Applying UML and Patterns by Craig Larman (Amazon) has an extensive overview of the nine GRASP Patterns to aid in the learning of object-oriented design principles. I have covered the following GRASP Patterns in other posts:
Applying UML and Patterns, although at its third version, has my vote for the best book of 2004!
Problem: How to support low dependency, low change impact, and increased reuse?
Solution: Assign a responsibility so that coupling remains low.
Coupling is a
measure of how strongly one element is connected to, has knowledge of,
or relies on other elements. An element with low (or weak) coupling is
not dependent on too many other elements.
A class, for example, with high (or
strong) coupling relies on many other classes. Such classes may be
undesirable; some suffer from the following problems:
- Forced local changes because of changes in related classes.
- Harder to understand in isolation.
- Harder to reuse because its use requires the additional presence of the classes on which it is dependent.
As mentioned above, low coupling is
desirable because a change in one area of an application will require
less changes throughout the entire application. In the long run,
this could alleviate a lot of time, effort, and
cost associated with modifying and adding new features to an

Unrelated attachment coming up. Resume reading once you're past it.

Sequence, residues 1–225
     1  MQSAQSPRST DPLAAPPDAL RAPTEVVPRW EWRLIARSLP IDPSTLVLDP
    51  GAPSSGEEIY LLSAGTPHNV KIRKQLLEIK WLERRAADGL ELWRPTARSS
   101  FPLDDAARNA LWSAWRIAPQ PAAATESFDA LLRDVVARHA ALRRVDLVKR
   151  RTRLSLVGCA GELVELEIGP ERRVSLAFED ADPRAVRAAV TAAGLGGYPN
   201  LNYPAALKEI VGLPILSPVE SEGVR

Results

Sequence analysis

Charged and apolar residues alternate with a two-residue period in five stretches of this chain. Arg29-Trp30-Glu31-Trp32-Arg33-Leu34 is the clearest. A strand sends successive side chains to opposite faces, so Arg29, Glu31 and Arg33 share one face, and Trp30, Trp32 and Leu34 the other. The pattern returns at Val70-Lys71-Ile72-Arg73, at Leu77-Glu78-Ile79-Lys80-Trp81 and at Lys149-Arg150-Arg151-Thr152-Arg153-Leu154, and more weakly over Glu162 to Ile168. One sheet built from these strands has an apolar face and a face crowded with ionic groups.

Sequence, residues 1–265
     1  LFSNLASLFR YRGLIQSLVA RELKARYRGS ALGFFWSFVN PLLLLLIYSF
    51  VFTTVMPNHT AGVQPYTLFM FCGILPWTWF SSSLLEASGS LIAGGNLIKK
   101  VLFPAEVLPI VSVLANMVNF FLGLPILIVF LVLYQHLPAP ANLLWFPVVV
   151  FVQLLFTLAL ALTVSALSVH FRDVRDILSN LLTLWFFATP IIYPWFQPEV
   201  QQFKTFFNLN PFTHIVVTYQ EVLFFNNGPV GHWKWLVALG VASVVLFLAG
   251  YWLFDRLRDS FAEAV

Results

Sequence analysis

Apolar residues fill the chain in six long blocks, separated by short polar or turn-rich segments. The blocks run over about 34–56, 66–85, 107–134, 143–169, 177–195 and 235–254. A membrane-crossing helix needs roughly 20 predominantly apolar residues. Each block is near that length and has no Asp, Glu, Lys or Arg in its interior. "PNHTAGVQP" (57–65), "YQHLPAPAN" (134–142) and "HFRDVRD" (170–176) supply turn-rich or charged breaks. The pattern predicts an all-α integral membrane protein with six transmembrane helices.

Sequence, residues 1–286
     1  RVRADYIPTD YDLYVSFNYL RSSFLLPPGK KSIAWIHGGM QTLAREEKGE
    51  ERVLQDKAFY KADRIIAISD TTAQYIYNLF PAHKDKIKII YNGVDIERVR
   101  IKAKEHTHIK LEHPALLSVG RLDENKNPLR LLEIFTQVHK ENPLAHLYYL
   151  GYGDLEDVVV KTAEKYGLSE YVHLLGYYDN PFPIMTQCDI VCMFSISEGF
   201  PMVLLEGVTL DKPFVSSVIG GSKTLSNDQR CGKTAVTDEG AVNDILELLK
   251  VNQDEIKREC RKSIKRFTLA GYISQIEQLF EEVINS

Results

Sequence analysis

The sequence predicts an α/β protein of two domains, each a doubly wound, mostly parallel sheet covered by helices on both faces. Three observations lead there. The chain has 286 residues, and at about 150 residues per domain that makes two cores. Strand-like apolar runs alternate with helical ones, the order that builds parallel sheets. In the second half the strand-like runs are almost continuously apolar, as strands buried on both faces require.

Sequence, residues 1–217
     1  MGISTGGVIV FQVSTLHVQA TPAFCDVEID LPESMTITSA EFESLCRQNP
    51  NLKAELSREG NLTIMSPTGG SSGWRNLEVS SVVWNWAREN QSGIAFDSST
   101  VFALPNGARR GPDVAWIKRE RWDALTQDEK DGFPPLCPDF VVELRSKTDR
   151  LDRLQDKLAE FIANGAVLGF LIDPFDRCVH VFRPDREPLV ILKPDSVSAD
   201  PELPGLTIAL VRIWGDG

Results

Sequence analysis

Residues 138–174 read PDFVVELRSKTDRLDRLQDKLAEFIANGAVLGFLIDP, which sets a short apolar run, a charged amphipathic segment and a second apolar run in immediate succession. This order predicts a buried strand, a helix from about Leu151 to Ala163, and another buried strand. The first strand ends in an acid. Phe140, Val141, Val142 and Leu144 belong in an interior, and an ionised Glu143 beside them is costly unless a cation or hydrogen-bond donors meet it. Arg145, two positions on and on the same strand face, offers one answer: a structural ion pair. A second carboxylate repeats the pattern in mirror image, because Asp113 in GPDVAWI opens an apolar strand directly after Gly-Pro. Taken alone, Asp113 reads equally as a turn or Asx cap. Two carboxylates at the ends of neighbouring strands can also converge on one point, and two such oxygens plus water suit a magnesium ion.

Just like cohesion, coupling not only applies between classes in an application but also between layers
in an application. Within each layer you want coupling low and
between layers you want coupling low. There is no magic to
keeping coupling low in an application. The key is to minimize
the number of dependencies from class to class and layer to layer.
general, if you need to assign a new responsibility to an object that
needs to be an information expert on class X, first look to assign the
responsibility to objects that are already information experts on class
X. This will keep coupling low.
Identify Unstable Areas of the Application. Keep Coupling Low.
Realistically, high coupling in of
itself isn't a bad thing in my opinion unless you have high coupling
between classes, subsystems and systems that are highly unstable.
In every application you build, you have to identify highly unstable
objects and systems. To minimize the impact of instability in the
system as a whole, you want to keep coupling low in the unstable
areas of your application.
Low Coupling Can Cause Unnecessary Complexity
If a part of your application is not
really unstable, don't treat it as such. How many times have you
heard a person boast about having a data access layer that is
loosely coupled to the rest of the application, but which there is an
unlikely chance that a different database / data access layer will be
used by the application? :) Low coupling for the sake of lowering
coupling can (but not necessarily will) cause unnecessary complexity in
your application and perhaps cause more harm than good. Pick your
Law of Demeter (Don't Talk to Strangers)
The Law of Demeter places constraints
on what objects you should send messages to within a method. It
states that within a method, messages should only be sent to the
- The this object (or self).
- A parameter of the method.
- An attribute of this.
- An element of a collection which is an attribute of this.
- An object created within the method.
The intent is to avoid coupling a client to knowledge of indirect objects and the object connections between objects.
In other words, avoid chaining within
a method because it creates a higher degree of coupling:
Probably more than you wanted to know about low coupling. :)